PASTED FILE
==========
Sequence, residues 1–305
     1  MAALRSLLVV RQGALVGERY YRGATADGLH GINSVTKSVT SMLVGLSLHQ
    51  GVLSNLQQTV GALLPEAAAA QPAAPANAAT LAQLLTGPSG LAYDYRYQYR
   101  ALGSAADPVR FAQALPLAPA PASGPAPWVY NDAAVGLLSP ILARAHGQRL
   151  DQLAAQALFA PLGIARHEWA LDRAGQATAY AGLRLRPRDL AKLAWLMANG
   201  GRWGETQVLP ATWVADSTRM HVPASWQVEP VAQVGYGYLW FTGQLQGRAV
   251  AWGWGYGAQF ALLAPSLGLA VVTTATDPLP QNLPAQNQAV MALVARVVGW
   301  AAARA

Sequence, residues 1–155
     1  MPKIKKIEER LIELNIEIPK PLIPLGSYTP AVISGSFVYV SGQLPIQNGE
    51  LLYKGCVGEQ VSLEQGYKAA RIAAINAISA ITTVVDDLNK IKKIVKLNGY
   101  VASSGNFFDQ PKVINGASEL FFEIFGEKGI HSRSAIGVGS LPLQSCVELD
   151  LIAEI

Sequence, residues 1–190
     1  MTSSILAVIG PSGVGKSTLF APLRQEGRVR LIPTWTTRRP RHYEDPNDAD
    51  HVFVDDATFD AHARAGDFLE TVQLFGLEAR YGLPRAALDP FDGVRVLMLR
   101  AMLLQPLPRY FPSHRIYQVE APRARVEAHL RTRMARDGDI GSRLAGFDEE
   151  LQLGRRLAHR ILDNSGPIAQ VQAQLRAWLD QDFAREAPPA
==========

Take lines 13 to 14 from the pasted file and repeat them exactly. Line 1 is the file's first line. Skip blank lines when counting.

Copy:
   151  LIAEI

Sequence, residues 1–190